Under federal electoral laws, it is not an offense to produce dishonest political advertising – one Independent candidate is hoping to change that.
The NSW state election is just weeks away, and the federal election will follow shortly afterwards.
Voters might feel bombarded by political advertisements – but those who do pay attention might notice that what they are seeing and hearing may not always be truthful, or even authorised.
Olympian-turned-lawyer, Zali Steggall hopes to add another title to her diverse experiences – politician.
The Independent candidate is running in the seat of Warringah, challenging former PM Tony Abbott, who has held the seat for 25 years.
But first, she will have to contend with a campaign against her, orchestrated by conservative lobby group, Advance Australia.
In a video advertisement, the group declared: “Zali Steggall has a secret, she’s not really independent. Stegall is working with Bill Shorten and Labor".
“Same union donors, same left-wing agenda. Higher taxes, a weaker economy, open borders.”
The candidate told SBS News the messages put out against her are completely false – and drawing on her professional experience in defamation law, she said it’s time to update electoral laws to so voters are not misled during election campaigns.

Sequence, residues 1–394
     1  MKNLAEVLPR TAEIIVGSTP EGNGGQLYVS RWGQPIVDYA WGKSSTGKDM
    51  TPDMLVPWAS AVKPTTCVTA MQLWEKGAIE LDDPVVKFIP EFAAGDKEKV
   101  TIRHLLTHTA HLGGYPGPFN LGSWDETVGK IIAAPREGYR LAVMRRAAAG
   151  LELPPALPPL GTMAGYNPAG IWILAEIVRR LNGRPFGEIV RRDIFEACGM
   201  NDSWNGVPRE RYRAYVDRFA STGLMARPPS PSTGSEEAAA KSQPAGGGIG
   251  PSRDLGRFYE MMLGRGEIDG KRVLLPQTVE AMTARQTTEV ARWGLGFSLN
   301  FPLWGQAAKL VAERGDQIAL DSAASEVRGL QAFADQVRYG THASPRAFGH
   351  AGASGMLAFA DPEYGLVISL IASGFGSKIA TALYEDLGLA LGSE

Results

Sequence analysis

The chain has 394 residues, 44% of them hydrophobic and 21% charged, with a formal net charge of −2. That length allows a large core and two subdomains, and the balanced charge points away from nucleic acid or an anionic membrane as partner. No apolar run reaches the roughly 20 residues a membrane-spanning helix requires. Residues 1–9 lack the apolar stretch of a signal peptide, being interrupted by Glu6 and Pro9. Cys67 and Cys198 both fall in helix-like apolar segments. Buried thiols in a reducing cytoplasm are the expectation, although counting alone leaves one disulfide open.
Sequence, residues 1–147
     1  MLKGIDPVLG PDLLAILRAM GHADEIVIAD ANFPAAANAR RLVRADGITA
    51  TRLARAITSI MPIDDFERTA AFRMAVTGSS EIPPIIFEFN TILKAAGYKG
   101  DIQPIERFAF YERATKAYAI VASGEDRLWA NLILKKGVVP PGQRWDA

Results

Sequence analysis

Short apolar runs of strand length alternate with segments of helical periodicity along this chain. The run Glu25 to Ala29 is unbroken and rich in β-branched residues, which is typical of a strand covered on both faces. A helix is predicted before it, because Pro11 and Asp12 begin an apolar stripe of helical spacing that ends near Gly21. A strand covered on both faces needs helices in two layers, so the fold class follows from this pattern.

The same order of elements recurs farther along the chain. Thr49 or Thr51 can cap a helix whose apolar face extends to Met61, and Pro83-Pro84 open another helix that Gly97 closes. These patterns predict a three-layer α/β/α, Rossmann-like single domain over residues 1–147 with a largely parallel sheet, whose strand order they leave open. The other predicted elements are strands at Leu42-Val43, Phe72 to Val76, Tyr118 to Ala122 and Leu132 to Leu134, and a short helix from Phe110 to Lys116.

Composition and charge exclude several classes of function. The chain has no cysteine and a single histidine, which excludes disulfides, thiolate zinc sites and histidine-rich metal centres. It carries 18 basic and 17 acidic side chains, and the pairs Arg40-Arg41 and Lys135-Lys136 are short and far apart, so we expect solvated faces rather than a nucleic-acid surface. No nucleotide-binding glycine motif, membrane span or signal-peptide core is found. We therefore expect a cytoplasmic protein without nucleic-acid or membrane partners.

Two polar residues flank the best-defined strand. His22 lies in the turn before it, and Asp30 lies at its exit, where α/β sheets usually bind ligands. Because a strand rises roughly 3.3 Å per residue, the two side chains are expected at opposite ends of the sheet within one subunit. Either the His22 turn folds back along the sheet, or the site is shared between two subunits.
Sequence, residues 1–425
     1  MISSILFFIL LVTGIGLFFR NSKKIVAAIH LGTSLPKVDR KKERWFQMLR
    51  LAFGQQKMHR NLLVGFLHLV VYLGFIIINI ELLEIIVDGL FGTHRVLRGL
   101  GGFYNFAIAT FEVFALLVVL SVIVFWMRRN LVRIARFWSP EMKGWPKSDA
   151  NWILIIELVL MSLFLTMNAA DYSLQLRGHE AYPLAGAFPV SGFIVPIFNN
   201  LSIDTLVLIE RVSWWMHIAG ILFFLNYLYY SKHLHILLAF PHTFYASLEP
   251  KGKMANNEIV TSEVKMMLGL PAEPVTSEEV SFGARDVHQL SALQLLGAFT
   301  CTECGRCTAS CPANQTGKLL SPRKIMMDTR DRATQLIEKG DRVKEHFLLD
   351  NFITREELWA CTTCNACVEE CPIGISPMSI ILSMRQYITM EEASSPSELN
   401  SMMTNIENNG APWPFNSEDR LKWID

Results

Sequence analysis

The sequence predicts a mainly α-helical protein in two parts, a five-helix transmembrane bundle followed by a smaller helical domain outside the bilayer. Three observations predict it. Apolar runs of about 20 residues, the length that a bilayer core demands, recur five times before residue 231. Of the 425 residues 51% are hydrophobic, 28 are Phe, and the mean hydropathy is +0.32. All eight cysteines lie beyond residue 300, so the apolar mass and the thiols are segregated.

“It is directly false, it’s completely opposite my stated position, and yet, those ads are out there,” she said.
“For a lot of people, messaging that appears to be official, or is coming through, there's a sense that surely you aren't allowed to officially lie. So there is a misunderstanding. There is actually no regulation and no provisions."
The advertisement is authorised by Gerard Benedet from Advance Australia. SBS News has contacted the party for comment.
But it is not just Ms Steggall who has noticed the spike in misleading content – some residents in the south Sydney suburb of Hurstville woke to find a pamphlet claiming a vote for Labor would make their children “homosexual”.
Written in Chinese, Arabic, and English, it claims a Labor government would also result in children learning how to masturbate at school.
The flyers were distributed in a suburb with a high Chinese-speaking population and Professor Rodney Smith, from the University of Sydney, said in-language material is even trickier to regulate, particularly on social media.
“There are a number of new platforms, particularly new social media platforms that may be more or less inaccessible more broadly to the communities or authorities who may want to keep an eye on them,” he said.
“So in some ways the proliferation of community languages of significant communities in Australia and the proliferation of social media makes it much harder to regulate.”
The pamphlets were published anonymously – which is an offense under federal electoral laws.
It is also an offense under the Federal Electoral Act to distribute material that misleads voters on the process of voting.
"Broadly speaking, truth, misleading-ness isn't covered by the election laws, and it's also very difficult to regulate,” Professor Smith said.
“If you think about it elections happen very, very quickly, they're over within a matter of weeks. There are often claims that are made one day and disappear the next."